A remote cabin in the woods and two people are anxiously preparing for the arrival of a very special guest. That is the set-up for Walden, one of the first post-lockdown plays to open on the West End. It is written by Amy Berryman and directed by Ian Rickson, setting the scene for an unusual story taking a place a couple of years into the future.
Stella (Gemma Arterton) and Bryan (Fehinti Balogun) are Earth Advocates and have put down roots in a vast forest somewhere in America among others like them. They hardly use electricity, they hunt and grow their own food and try their best to reverse their carbon footprint in order to save planet earth. Coming from completely different backgrounds, Stella and Bryan met a little over a year ago and have now resigned to a fairly normal life of engagement and offspring. Their piece of heaven is complete until Stella’s twin sister Cassie (Lydia Wilson) returns from her year-long mission of habituating the moon.
The sisters’ complicated past is slowly unravelled as the three of them come to talk about all things NASA, colonisation and planet earth. We learn about their relationship with their astronaut father, Stella’s love for naming things and the reason why they have not spoken in over eight years. And what happened when Stella left NASA and her twin sister was delegated to be THE person to colonise – sorry, habituate – the moon?
Walden dips its toes into several different contemporary disputes, but climate change is the big one; the discussion on whether we should save this planet or look for a new one to vandalise for “adventure”. However, it also questions what happens when you see someone live the life you wanted. Although these are important and extremely relevant questions, Walden never manages to fully submerge itself into one or the other.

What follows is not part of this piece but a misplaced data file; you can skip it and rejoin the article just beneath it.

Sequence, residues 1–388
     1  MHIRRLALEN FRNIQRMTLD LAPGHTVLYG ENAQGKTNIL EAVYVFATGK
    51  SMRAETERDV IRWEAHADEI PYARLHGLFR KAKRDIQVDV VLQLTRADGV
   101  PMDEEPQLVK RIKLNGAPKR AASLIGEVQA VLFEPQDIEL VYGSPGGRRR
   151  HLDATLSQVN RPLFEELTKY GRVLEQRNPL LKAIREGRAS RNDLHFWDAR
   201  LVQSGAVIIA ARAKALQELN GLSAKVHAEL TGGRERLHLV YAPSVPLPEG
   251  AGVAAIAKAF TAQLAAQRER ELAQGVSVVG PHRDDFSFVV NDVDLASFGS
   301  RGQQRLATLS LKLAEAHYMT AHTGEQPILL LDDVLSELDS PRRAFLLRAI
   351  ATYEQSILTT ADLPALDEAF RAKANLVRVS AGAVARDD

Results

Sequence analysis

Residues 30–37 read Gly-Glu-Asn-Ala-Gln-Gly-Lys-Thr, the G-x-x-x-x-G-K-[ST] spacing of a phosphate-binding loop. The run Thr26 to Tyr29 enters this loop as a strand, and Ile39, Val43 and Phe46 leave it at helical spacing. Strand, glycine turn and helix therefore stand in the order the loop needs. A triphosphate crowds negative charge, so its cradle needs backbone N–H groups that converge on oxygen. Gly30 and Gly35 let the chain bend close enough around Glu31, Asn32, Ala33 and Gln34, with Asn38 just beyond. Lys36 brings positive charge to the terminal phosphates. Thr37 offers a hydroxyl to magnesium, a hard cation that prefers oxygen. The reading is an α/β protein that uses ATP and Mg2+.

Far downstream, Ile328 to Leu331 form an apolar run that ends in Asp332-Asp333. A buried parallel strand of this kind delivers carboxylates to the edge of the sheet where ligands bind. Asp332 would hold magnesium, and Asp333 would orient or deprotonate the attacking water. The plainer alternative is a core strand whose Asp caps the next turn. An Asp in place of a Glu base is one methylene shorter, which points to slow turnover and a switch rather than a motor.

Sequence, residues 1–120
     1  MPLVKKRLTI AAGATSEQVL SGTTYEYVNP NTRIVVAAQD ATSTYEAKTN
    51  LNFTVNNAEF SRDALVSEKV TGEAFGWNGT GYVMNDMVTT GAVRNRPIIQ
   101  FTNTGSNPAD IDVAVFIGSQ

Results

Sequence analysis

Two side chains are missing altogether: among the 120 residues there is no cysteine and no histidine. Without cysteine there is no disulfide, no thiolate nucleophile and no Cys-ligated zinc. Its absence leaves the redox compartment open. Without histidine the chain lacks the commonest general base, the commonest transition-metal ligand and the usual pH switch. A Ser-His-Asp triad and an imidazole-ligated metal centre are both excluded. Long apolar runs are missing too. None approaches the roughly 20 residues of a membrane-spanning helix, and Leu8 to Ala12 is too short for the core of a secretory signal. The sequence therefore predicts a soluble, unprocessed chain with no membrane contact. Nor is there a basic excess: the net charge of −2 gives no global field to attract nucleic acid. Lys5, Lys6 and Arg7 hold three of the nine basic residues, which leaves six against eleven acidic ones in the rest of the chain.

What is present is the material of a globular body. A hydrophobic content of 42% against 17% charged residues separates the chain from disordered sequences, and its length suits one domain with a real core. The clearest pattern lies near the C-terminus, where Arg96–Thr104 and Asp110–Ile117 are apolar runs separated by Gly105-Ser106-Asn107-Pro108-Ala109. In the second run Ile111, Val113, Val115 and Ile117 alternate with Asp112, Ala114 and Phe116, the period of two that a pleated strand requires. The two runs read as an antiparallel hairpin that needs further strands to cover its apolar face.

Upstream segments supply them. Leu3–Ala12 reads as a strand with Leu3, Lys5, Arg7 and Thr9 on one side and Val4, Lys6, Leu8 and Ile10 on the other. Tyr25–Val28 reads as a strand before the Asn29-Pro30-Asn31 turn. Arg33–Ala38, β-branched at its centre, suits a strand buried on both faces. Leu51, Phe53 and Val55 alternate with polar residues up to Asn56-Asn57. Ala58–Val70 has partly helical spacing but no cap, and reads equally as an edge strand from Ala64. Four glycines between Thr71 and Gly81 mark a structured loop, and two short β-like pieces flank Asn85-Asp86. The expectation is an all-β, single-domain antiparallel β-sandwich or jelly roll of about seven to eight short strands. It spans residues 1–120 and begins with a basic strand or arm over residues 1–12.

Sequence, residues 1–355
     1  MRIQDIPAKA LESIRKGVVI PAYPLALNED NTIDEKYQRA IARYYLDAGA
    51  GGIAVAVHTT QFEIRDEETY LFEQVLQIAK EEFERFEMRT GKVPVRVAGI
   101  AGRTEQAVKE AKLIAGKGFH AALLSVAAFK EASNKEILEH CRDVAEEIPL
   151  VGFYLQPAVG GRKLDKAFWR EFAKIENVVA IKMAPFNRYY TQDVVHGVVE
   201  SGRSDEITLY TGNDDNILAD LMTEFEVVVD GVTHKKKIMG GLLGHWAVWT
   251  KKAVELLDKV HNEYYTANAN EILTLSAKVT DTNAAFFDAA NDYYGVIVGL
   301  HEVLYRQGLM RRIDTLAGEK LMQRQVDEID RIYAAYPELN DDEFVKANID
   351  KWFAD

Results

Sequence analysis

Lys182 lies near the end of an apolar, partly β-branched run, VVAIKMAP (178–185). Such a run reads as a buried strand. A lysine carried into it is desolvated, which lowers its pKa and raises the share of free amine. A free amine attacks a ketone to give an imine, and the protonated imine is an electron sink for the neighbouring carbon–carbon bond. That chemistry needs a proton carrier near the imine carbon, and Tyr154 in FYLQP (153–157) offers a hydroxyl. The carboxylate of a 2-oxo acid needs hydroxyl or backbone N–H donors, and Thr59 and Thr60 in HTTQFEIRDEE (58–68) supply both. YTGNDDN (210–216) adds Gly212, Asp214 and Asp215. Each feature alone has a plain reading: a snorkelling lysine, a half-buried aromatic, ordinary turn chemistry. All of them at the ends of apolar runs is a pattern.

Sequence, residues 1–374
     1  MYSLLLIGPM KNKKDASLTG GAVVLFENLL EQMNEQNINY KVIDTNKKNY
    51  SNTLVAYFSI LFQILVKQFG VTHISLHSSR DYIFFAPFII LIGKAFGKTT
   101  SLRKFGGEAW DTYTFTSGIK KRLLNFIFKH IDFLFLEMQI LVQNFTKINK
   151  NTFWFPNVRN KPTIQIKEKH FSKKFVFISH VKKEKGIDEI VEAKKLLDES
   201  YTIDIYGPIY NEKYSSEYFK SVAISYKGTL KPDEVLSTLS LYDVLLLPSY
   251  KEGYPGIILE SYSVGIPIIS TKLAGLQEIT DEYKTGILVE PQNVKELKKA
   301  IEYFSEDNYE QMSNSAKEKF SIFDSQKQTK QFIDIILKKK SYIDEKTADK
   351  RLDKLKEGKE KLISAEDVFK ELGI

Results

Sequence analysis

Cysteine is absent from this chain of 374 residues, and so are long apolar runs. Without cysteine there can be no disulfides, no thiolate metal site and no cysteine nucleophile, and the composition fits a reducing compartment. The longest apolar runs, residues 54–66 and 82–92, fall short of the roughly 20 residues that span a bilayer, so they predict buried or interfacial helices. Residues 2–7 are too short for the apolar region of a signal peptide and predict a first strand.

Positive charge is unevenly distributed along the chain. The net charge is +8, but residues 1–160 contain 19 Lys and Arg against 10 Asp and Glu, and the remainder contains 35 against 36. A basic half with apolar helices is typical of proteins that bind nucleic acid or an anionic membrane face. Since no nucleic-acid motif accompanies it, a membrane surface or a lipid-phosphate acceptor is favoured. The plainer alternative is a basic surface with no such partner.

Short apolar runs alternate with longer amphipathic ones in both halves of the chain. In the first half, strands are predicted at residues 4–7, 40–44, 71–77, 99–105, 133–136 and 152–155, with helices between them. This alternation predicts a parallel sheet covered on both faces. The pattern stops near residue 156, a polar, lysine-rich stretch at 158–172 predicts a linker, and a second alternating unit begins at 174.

Perhaps, this is due to the lack of connection between the actors. Where Arterton and Wilson try to build up a sisterly bond with strenuous awkwardness, Balogun fails to match that energy entirely as comic relief. The lack of chemistry between Arterton and Wilson makes the show appear like an awkward high school reunion but not a re-bonding moment – no matter how troubled their past was. Now and then the sisterly bond manages to show and puts a little smile on my face, but gives an insight into what Walden has the potential to be. The intricate and detailed set design by Rae Smith of a homely, cosy cabin is one of the things which elevates the play and breathes life into the performance.
Walden has the potential to be a moving and vivid story about our relationship with our planet and the people around us. As is, it stands as a two-hour delivery of dialogue on a lovingly decorated stage. Although full of interesting ideas entangled in a heartfelt story about sisterhood, it seems to be missing the highs and lows of a story arc.
Walden is playing at the Harold Pinter Theatre until 12 June 2021. For more information and tickets visit Harold Pinter Theatre’s website.